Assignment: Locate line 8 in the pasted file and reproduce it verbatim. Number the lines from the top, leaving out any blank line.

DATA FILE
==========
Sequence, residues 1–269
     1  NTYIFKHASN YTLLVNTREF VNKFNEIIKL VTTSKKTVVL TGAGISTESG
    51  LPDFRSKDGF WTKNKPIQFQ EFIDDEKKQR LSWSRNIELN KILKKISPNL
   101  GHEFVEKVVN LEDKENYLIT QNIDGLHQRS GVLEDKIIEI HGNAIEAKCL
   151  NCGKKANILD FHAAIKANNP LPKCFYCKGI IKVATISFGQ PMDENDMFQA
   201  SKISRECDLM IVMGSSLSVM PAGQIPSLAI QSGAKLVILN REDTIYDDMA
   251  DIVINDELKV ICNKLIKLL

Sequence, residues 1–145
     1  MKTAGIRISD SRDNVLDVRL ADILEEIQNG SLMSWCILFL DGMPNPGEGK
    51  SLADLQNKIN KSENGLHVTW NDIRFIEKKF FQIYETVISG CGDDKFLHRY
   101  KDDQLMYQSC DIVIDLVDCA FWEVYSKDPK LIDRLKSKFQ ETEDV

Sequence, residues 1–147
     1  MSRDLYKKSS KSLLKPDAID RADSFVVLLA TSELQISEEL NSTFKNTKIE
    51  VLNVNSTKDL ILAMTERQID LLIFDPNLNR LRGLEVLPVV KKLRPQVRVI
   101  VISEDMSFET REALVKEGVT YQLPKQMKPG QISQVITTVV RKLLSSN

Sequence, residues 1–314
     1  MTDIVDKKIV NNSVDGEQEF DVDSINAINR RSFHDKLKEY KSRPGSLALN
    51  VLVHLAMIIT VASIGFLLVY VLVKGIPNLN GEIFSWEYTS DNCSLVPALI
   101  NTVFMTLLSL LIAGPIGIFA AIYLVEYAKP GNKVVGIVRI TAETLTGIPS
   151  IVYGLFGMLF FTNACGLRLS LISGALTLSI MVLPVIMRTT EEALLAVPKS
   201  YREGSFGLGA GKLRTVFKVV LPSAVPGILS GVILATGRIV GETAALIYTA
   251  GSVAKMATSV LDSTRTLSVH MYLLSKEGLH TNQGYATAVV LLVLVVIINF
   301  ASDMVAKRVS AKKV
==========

Sequence, residues 1–145